This tutorial covers **order-independent blending**.

It continues the discussion of the tutorial on transparency and solves some problems of standard transparency. If you haven't read that tutorial, you should read it first.

### Order-Independent BlendingEdit

As noted in the tutorial on transparency, the result of blending often (in particular for standard alpha blending) depends on the order in which triangles are rendered and therefore results in rendering artifacts if the triangles are not sorted from back to front (which they usually aren't). The term “order-independent transparency” describes various techniques to avoid this problem. One of these techniques is order-independent blending, i.e. the use of a blend equation that does not depend on the order in which triangles are rasterized. There two basic possibilities: additive blending and multiplicative blending.

#### Additive BlendingEdit

The standard example for additive blending are double exposures as in the images on this page: colors are added such that it is impossible (or at least very hard) to say in which order the photos were taken. Additive blending can be characterized in terms of the blend equation introduced in the tutorial on transparency:

`vec4 result = SrcFactor * gl_FragColor + DstFactor * pixel_color;`

where `SrcFactor`

and `DstFactor`

are set by a function of Blender's Python API:

`bge.types.KX_BlenderMaterial.setBlending(`

{code for `SrcFactor`

},{code for `DstFactor`

}`)`

For additive blending, the code for `DstFactor`

has to be `bge.logic.BL_ONE`

and the code for `SrcFactor`

must not depend on the pixel color in the framebuffer; i.e., it can be `bge.logic.BL_ONE`

, `bge.logic.BL_SRC_COLOR`

, `bge.logic.BL_SRC_ALPHA`

, `bge.logic.BL_ONE_MINUS_SRC_COLOR`

, or `bge.logic.BL_ONE_MINUS_SRC_ALPHA`

.

An example is:

```
import bge
cont = bge.logic.getCurrentController()
VertexShader = """
void main()
{
gl_Position = gl_ModelViewProjectionMatrix * gl_Vertex;
}
"""
FragmentShader = """
void main()
{
gl_FragColor = vec4(1.0, 0.0, 0.0, 0.3);
}
"""
mesh = cont.owner.meshes[0]
for mat in mesh.materials:
shader = mat.getShader()
if shader != None:
if not shader.isValid():
shader.setSource(VertexShader, FragmentShader, 1)
mat.setBlending(bge.logic.BL_SRC_ALPHA, bge.logic.BL_ONE)
```

Remember that you have to set **Viewport Shading** to **Texture** in the menu of a **3D View** in order to activate blending. Also, you should activate **Z Transparency** and deactivate **Backface Culling** as described in the tutorial on transparency.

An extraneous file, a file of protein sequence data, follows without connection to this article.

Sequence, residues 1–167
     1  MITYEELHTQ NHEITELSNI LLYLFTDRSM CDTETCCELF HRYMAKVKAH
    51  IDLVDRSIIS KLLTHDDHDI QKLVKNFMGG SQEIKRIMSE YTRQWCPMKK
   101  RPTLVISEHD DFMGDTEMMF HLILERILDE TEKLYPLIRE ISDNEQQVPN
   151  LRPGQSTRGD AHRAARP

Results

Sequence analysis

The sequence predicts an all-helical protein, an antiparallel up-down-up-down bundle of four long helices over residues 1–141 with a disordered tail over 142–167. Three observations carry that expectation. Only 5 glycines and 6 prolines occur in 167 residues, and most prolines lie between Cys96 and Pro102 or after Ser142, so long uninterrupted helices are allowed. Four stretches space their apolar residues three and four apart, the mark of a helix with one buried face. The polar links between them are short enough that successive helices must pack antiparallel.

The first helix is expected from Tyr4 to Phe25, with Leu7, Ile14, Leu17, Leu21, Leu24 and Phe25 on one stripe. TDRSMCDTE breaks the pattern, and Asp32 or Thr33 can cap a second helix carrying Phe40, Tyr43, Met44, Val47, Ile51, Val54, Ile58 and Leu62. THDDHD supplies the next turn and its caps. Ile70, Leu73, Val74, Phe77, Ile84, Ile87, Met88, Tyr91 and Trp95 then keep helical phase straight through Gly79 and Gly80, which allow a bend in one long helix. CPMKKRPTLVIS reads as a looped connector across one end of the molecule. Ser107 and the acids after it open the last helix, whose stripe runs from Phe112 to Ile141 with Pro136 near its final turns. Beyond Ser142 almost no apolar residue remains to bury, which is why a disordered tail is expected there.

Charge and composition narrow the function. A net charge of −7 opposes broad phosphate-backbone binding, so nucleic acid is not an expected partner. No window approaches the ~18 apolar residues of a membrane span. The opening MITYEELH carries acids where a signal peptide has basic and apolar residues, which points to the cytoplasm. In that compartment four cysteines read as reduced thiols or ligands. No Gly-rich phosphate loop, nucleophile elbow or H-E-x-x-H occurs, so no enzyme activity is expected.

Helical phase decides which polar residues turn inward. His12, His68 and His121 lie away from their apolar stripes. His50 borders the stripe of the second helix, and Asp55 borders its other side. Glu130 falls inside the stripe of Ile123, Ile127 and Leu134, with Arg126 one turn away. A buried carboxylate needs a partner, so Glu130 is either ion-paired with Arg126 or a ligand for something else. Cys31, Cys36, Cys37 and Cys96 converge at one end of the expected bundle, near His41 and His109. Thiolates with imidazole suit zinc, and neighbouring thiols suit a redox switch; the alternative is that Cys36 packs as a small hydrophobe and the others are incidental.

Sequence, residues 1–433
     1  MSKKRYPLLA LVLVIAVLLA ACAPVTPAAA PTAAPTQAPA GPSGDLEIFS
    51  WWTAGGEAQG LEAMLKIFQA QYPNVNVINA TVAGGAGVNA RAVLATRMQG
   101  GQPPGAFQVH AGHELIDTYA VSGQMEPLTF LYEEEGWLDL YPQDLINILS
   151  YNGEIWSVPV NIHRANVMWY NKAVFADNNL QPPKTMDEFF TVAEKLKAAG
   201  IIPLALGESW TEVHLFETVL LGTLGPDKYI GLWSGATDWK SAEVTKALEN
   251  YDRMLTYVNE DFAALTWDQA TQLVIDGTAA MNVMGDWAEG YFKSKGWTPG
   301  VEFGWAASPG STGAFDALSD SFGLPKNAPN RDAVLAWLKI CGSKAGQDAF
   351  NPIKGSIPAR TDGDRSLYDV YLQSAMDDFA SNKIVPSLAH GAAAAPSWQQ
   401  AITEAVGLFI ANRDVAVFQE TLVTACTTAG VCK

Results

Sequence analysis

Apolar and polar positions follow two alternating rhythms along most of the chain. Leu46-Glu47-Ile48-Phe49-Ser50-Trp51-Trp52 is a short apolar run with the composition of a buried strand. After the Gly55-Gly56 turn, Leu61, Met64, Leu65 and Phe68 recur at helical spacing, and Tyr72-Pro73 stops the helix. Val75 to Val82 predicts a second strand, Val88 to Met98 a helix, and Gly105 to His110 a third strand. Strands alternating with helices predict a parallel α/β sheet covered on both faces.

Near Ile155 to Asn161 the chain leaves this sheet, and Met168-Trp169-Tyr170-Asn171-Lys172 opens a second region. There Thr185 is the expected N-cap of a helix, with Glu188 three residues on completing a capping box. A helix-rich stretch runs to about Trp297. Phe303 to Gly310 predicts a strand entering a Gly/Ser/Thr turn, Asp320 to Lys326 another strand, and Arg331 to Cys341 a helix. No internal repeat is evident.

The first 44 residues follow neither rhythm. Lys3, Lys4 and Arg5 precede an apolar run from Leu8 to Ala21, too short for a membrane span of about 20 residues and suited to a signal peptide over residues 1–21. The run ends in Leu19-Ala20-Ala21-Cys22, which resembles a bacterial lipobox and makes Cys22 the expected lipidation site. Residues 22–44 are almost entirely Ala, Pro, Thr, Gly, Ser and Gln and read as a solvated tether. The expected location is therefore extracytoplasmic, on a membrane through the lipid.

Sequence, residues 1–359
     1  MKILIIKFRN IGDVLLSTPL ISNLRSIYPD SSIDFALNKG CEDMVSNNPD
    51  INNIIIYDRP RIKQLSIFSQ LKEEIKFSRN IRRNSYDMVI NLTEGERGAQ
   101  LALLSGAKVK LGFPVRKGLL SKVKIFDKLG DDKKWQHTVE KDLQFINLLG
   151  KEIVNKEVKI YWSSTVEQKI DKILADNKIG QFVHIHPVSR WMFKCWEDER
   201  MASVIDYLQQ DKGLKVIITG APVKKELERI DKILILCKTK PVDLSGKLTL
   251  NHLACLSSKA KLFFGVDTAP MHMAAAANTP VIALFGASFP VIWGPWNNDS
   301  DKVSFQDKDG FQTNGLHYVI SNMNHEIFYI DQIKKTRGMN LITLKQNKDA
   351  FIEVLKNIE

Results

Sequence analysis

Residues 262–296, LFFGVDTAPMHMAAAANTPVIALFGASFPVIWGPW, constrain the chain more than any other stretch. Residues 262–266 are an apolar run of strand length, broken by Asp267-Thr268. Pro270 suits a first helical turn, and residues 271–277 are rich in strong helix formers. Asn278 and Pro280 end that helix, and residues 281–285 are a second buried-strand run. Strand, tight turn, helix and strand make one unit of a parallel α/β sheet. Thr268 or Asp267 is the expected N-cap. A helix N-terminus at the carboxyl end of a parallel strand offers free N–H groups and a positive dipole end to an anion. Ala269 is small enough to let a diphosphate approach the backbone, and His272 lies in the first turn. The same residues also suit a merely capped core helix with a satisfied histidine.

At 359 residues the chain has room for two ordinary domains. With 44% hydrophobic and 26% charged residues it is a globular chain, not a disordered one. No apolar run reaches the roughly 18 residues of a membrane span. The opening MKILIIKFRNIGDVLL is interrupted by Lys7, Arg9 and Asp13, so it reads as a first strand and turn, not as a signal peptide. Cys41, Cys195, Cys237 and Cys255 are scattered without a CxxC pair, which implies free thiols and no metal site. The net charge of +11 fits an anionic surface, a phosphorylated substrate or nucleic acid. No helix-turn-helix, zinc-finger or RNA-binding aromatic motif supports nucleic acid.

#### Multiplicative BlendingEdit

An example for multiplicative blending in photography is the use of multiple uniform grey filters: the order in which the filters are put onto a camera doesn't matter for the resulting attenuation of the image. In terms of the rasterization of triangles, the image corresponds to the contents of the framebuffer before the triangles are rasterized, while the filters correspond to the triangles.

When specifying mutiplicative blending in Python with

`bge.types.KX_BlenderMaterial.setBlending(`

{code for `SrcFactor`

},{code for `DstFactor`

}`)`

the code for `SrcFactor`

has to be `bge.logic.BL_ZERO`

and the code for `DstFactor`

must depend on the fragment color; i.e., it can be `bge.logic.BL_SRC_COLOR`

, `bge.logic.BL_SRC_ALPHA`

, `bge.logic.BL_ONE_MINUS_SRC_COLOR`

, or `bge.logic.BL_ONE_MINUS_SRC_ALPHA`

. A typical example for attenuating the background with the opacity specified by the alpha component of fragments would use `bge.logic.BL_ONE_MINUS_SRC_ALPHA`

for the code for `DstFactor`

:

```
import bge
cont = bge.logic.getCurrentController()
VertexShader = """
void main()
{
gl_Position = gl_ModelViewProjectionMatrix * gl_Vertex;
}
"""
FragmentShader = """
void main()
{
gl_FragColor = vec4(1.0, 0.0, 0.0, 0.3);
}
"""
mesh = cont.owner.meshes[0]
for mat in mesh.materials:
shader = mat.getShader()
if shader != None:
if not shader.isValid():
shader.setSource(VertexShader, FragmentShader, 1)
mat.setBlending(bge.logic.BL_ZERO,
bge.logic.BL_ONE_MINUS_SRC_ALPHA)
```

### SummaryEdit

Congratulations, you have reached the end of this tutorial. We have looked at:

- What order-independent transparency and order-independent blending is.
- What the two most important kinds of order-independent blending are (additive and multiplicative).
- How to implement additive and multiplicative blending.

### Further ReadingEdit

If you still want to know more

- about the shader code, you should read the tutorial on transparency.
- about another technique for order-independent transparency, namely depth peeling, you could read a technical report by Cass Everitt: “Interactive Order-Independent Transparency”, which is available online.